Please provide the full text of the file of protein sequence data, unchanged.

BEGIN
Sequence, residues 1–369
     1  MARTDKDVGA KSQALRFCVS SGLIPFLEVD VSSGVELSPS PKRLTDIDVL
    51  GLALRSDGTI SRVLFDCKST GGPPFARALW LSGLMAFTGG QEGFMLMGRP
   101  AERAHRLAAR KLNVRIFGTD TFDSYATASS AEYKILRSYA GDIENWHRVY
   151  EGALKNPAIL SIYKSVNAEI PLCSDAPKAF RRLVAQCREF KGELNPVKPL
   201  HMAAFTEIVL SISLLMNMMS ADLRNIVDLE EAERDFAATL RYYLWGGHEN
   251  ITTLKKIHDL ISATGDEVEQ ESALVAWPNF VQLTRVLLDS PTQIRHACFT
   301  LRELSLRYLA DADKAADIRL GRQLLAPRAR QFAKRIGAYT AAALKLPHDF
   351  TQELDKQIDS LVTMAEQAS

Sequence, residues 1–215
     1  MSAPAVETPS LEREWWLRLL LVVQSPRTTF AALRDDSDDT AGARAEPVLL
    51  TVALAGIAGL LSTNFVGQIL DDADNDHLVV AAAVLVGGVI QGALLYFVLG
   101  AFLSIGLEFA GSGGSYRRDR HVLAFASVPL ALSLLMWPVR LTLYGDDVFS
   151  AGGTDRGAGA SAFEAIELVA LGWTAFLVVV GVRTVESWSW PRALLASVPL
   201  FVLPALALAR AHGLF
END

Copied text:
Sequence, residues 1–369
     1  MARTDKDVGA KSQALRFCVS SGLIPFLEVD VSSGVELSPS PKRLTDIDVL
    51  GLALRSDGTI SRVLFDCKST GGPPFARALW LSGLMAFTGG QEGFMLMGRP
   101  AERAHRLAAR KLNVRIFGTD TFDSYATASS AEYKILRSYA GDIENWHRVY
   151  EGALKNPAIL SIYKSVNAEI PLCSDAPKAF RRLVAQCREF KGELNPVKPL
   201  HMAAFTEIVL SISLLMNMMS ADLRNIVDLE EAERDFAATL RYYLWGGHEN
   251  ITTLKKIHDL ISATGDEVEQ ESALVAWPNF VQLTRVLLDS PTQIRHACFT
   301  LRELSLRYLA DADKAADIRL GRQLLAPRAR QFAKRIGAYT AAALKLPHDF
   351  TQELDKQIDS LVTMAEQAS

Sequence, residues 1–215
     1  MSAPAVETPS LEREWWLRLL LVVQSPRTTF AALRDDSDDT AGARAEPVLL
    51  TVALAGIAGL LSTNFVGQIL DDADNDHLVV AAAVLVGGVI QGALLYFVLG
   101  AFLSIGLEFA GSGGSYRRDR HVLAFASVPL ALSLLMWPVR LTLYGDDVFS
   151  AGGTDRGAGA SAFEAIELVA LGWTAFLVVV GVRTVESWSW PRALLASVPL
   201  FVLPALALAR AHGLF